French police have raided the Paris offices of Sanjeev Gupta’s GFG Alliance and a metalworks it formerly owned in an escalation of a criminal probe into the metals magnate’s empire.
The Paris Prosecutor’s Office last year launched an investigation into Gupta’s French operations over allegations of “misuse of corporate assets” and “money laundering”, mirroring a separate probe by the UK’s Serious Fraud Office.
Once feted by politicians around the world as the “saviour of steel” for his rescue of unloved factories and foundries, Gupta’s group has faced suspicions of fraudulent trading after his main lender Greensill Capital collapsed a year ago.
Last week’s raids included an aluminium smelter in Dunkirk, which Gupta’s family-owned conglomerate lost control of last year when private equity group American Industrial Partners seized the plant.
People familiar with the raid at Dunkirk said that about 10 armed police arrived early in the morning and stayed all day to question executives and make copies of email servers.
They added that the police officers’ questions focused on several transactions carried out while the plant was under GFG’s control, such as a transaction whereby funds from Dunkirk were allegedly used to pay a $25mn legal settlement with Rio Tinto, due to a long-running dispute over the purchase of the smelter from the mining group in 2018.
A spokesman for Aluminium Dunkerque confirmed that on Wednesday “officers of the Direction régionale de la police judiciaire de la prefecture de police de Paris (the DRPJ), the criminal investigative division of the French National Police, inspected the offices of Aluminium Dunkerque”, adding that the company was “fully co-operating with any investigation by the French authorities”.
GFG said that the $25mn payment to Rio Tinto settled an outstanding claim for the supply of energy at “a discount” along with an agreement to “waive all other pre-existing claims between the two groups”.
“The transaction was managed by former executives of GFG that have since left the business and was funded by AIP to clear the way for its disputed acquisition of Aluminium Dunkirk,” GFG added.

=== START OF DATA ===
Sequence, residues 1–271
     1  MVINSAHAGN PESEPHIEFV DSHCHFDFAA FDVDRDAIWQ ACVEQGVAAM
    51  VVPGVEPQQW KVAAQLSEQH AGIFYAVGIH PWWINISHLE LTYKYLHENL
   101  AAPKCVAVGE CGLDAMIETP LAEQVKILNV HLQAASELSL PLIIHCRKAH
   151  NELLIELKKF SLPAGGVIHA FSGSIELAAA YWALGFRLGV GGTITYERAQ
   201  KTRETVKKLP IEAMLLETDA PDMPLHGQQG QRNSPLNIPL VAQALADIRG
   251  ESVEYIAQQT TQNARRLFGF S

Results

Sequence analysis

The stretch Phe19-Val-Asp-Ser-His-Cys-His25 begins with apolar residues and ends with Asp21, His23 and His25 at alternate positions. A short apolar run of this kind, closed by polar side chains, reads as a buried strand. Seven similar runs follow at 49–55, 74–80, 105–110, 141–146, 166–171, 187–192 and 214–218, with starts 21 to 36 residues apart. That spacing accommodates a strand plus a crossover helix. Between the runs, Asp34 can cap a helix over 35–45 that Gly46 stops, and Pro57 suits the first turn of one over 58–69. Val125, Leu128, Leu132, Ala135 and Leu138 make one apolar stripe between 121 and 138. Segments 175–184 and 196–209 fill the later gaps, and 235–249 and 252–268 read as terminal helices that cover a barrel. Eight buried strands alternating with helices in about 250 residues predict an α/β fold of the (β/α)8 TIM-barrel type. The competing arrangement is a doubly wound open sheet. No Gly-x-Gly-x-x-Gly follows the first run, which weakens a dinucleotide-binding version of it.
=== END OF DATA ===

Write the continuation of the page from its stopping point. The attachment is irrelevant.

“GFG has investigated the query from the French authorities and determined that there was no wrongdoing in its French businesses relating to this or any other transaction, and it is co-operating fully with the French authorities.”
The Paris Prosecutor’s Office did not respond to requests for comment.
Greensill Capital, a once high-flying lending start-up that counted David Cameron as an adviser, collapsed in March 2021 after GFG defaulted on $5bn of debt. Greensill’s unravelling drew scrutiny of the validity of invoices related to GFG that backed the loans.
Germany’s financial watchdog last year filed a criminal complaint against the management of Greensill Bank, which made billions of euros in loans to Gupta’s companies. Regulator BaFin said the Bremen-based lender “was unable to provide evidence of the existence of receivables in its balance sheet that it had purchased from the GFG Alliance Group”.
British financial regulators are also investigating Wyelands Bank, a British lender owned by Gupta, which has now all but collapsed after making a series of bad loans to companies linked to the metals magnate’s business. Andrew Bailey, governor of the Bank of England, revealed last year that regulators had also referred the bank to the National Crime Agency and SFO.
Gupta shifted his top management team to Dubai in the wake of the collapse of Greensill, where the Indian-born businessman has long had a home. He has visited Romania and Australia in the past year, however, countries where GFG owns large steelworks.
Additional reporting by Michael Pooler and Sylvia Pfeifer